The inhabitants of each of their eras were convinced that it was their time that was the most progressive in terms of technology and inventions. But technological progress is developing incredibly fast and many inventions of the past are becoming irrelevant. Looking at them, the thought arises that this is just a props from an old film about the “distant future.”
A tricycle built in the USA to advertise tires.
Electric narrow gauge mini train set for speed control. Holland Tunnel, USA. 1955 year.
Rail Zeppelin and a steam locomotive at the railway platform. Berlin, 1931.
The Kodak K-24 camera used by the Americans for aerial photography during World War II.
Tsar Tank (Tank Lebedenko), 1915. It was developed in 1914, but the tank was soon declared unsuitable for use in combat after testing a year later.
The world’s oldest surviving wetsuit, 1860.
Antarctic snow cruiser, which was to sail to the South Pole, 1939. Inside this machine were living quarters and laboratories for 5 scientists. But, alas, at the very last moment it became clear that the cruiser has no grip on the snow, unless it moves in reverse. The cruiser never went anywhere.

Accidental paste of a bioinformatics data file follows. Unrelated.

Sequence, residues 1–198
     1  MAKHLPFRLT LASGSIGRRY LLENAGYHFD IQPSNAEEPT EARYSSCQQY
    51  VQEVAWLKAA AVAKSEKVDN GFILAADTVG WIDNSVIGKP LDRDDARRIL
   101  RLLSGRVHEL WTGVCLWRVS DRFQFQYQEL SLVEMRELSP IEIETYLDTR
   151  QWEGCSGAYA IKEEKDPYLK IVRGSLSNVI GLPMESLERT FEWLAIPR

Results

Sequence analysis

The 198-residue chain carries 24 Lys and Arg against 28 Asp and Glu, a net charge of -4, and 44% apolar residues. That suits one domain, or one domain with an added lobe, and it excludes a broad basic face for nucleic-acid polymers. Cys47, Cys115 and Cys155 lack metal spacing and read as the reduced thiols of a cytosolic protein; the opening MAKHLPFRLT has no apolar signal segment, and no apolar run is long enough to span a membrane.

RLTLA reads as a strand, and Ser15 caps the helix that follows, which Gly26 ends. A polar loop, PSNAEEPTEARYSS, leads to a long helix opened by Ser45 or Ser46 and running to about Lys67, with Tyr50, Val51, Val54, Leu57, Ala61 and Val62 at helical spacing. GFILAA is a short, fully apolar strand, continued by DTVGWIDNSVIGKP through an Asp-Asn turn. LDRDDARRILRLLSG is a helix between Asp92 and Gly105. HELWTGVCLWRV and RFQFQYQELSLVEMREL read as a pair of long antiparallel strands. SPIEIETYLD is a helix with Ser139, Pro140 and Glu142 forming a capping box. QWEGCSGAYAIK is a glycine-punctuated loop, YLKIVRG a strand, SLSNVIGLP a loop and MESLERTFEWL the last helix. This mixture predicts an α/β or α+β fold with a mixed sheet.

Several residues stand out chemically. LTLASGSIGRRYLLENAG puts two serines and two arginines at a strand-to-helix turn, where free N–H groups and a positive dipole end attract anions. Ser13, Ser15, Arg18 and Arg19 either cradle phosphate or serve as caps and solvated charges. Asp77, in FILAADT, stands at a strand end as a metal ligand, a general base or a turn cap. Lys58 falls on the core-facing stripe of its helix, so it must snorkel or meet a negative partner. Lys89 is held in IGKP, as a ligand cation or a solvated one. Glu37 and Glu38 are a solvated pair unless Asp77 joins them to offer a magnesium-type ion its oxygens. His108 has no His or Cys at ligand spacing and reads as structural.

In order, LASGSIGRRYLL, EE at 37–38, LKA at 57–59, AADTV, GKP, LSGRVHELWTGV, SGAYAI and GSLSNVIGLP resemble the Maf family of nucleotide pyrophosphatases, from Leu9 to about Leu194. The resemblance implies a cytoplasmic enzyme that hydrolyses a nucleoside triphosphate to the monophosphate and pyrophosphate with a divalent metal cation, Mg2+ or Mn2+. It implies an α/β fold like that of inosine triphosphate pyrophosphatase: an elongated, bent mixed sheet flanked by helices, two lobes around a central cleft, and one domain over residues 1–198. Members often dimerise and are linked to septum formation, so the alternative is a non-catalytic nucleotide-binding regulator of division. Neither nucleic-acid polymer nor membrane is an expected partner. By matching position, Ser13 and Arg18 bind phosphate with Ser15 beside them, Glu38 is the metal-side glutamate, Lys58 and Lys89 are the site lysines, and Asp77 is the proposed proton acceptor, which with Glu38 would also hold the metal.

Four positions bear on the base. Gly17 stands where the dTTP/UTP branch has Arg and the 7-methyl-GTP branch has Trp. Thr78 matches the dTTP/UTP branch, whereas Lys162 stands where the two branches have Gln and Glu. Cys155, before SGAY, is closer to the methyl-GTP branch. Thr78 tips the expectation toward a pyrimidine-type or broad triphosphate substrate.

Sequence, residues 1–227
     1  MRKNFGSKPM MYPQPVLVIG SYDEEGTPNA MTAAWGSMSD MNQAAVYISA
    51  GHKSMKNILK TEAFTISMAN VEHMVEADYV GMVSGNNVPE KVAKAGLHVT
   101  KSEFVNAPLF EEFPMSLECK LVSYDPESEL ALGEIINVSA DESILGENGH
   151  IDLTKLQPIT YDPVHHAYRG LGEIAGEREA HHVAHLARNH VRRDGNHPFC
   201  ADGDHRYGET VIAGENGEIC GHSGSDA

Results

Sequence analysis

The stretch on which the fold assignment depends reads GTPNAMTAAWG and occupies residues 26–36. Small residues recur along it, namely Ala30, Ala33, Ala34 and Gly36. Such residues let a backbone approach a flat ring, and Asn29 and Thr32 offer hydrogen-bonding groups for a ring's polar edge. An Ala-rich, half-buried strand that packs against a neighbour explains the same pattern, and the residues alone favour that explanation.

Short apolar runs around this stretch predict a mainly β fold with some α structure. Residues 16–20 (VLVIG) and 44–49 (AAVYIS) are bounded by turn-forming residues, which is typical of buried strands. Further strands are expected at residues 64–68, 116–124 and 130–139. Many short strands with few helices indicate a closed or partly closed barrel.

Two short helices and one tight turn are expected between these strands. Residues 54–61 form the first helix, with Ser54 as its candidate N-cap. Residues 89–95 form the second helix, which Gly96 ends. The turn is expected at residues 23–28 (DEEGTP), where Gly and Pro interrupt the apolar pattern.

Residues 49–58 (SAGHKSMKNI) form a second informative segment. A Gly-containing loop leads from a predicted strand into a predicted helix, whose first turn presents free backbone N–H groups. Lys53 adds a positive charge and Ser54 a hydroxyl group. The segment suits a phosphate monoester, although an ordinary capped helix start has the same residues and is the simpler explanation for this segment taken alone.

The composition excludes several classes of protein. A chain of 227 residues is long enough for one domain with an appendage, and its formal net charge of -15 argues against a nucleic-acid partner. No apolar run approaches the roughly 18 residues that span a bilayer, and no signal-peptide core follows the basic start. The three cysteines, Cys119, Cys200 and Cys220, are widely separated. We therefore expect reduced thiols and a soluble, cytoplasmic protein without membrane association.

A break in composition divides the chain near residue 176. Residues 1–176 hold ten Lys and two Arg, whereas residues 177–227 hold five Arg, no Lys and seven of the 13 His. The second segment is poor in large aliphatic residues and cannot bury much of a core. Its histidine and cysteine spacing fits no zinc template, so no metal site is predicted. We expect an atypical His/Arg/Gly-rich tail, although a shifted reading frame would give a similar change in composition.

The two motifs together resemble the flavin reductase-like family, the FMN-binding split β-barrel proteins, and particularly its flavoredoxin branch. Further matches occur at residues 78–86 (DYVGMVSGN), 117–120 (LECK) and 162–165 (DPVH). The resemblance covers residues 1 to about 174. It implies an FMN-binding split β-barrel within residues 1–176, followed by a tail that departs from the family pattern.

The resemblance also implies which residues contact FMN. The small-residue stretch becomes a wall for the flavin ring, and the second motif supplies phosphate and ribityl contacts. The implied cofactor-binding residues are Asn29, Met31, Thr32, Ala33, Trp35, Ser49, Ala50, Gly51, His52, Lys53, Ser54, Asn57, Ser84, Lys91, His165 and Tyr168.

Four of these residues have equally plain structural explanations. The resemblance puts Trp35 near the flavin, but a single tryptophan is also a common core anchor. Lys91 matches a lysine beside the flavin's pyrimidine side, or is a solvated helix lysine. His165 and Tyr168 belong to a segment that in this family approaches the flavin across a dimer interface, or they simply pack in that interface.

Austro-Hungarian tail gunner armed with ten Mauser C96 pistols.
Polish policeman in full uniform, 1934.
A man with a “weftgirl”. This was the name of a huge large-caliber shotgun for hunting ducks. This weapon was banned in the 1860s. Such a shotgun could hit 50 ducks with one shot.
Construction of the Hindenburg airship, 1932.
A giant Italian howitzer captured by the Austro-Hungarians in November 1917.
A seller of motorized roller skates in California, 1961.
British couple asleep in Morrison’s Hideout. The device was used by people who did not have cellars in the event of the destruction of their homes during the bombing during the Second World War. This cage bedroom has saved many lives.
Ford Model T with optional high water level kit.
Steering wheel in a 1972 Maserati Boomerang.
Telephone tower in Stockholm with about 5500 telephone lines. 1890s.
A 300-year-old library tool to keep seven books open at the same time.